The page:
Southeast Asian Adventure Part 3: Siem Reap

Our three week adventure to southeast Asia continued in the temple-surrounded Cambodian town of Siem Reap. As I noted in the Luang Prabang write-up, we didn’t originally plan to visit Cambodia, but when an unseasonable and unfortunate series of tropical storms pummeled the island of Koh Samui, Thailand (our intended next stop) and closed their airport, we quickly scrambled to find an alternate destination and fortunately we stumbled on Siem Reap.

The area is most known for its ancient temples – Angkor Wat in particular – but we quickly discovered there was a good bit more to the area than that.

We stayed at the Soria Moria Hotel, a really nice place close to the center of town that is owned by a Norwegian couple. I selected this place based on five minutes of Lonely Planet and Trip Advisor research when we changed our itinerary in Luang Prabang the night before. We couldn’t have been more happy with the choice. Great location, good price, super helpful and friendly staff, and owners who are committed to local causes – if you ever visit this area and are looking for a nicer but reasonably priced place, I can’t recommend Soria Moria enough.

We spent a total of about four days there, two of them on the omnipresent temple circuit. The rest of the time, we chilled about town, soaked up local culture, and checked out some of the other points of interest.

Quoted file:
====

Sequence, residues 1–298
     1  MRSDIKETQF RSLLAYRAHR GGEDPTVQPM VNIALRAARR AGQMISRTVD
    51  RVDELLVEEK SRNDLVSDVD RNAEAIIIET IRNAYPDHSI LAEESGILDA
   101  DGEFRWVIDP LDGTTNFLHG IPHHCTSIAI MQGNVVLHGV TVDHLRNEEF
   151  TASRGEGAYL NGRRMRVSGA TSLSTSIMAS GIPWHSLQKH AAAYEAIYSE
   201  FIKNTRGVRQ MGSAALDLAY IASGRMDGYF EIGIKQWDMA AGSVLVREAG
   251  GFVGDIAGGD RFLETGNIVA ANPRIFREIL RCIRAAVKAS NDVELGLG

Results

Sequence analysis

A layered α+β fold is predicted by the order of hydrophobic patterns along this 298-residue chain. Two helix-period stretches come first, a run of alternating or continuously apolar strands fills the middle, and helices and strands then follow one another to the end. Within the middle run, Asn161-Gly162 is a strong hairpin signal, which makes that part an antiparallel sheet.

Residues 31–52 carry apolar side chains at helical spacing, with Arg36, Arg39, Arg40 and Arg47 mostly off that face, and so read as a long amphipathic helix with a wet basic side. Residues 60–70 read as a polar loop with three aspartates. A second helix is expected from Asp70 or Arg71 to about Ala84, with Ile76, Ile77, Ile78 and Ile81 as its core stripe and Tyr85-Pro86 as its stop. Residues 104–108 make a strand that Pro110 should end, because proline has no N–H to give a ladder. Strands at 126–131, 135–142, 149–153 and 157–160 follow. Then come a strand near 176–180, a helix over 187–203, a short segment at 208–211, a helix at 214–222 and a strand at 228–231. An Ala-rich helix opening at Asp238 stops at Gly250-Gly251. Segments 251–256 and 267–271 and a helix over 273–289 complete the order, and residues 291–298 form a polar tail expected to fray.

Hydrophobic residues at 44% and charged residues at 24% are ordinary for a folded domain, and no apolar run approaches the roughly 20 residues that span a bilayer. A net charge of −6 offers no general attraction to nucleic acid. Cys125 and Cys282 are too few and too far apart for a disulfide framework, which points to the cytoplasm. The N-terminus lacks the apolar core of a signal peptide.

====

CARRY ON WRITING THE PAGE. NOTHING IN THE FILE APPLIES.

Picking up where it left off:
Our activities included:

* Tuesday: Arrived early in the afternoon. Met our tuk-tuk driver, Mr. Rith, who would coincidentally be our motor escort for much of our upcoming activities.

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Checked into hotel, met with awesome owner Kristin, got the low-down on activities. Got lunch at Butterflies Garden, a local Khmer restaurant with an enclosed outdoor butterfly garden.

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Walked around town and checked out the night market.

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Went to a dinner and Apsara dance performance at a nearby theatre. The food was a little meh, but the dancing was pretty cool – the “fisherman’s dance” and “coconut dance” were particularly entertaining. Sat in between a French couple and a group of four from Barcelona, so got to practice lots of Spanish. (In Cambodia, staying at a Norwegian hotel, speaking Spanish with a French couple.) Capped the night off with a cocktail on the rooftop deck.

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* Wednesday: First day of our temple circuit. Met our driver Mr. Rith and our guide Seila, who would be accompanying us and giving us the scoop on the temples for the next two days.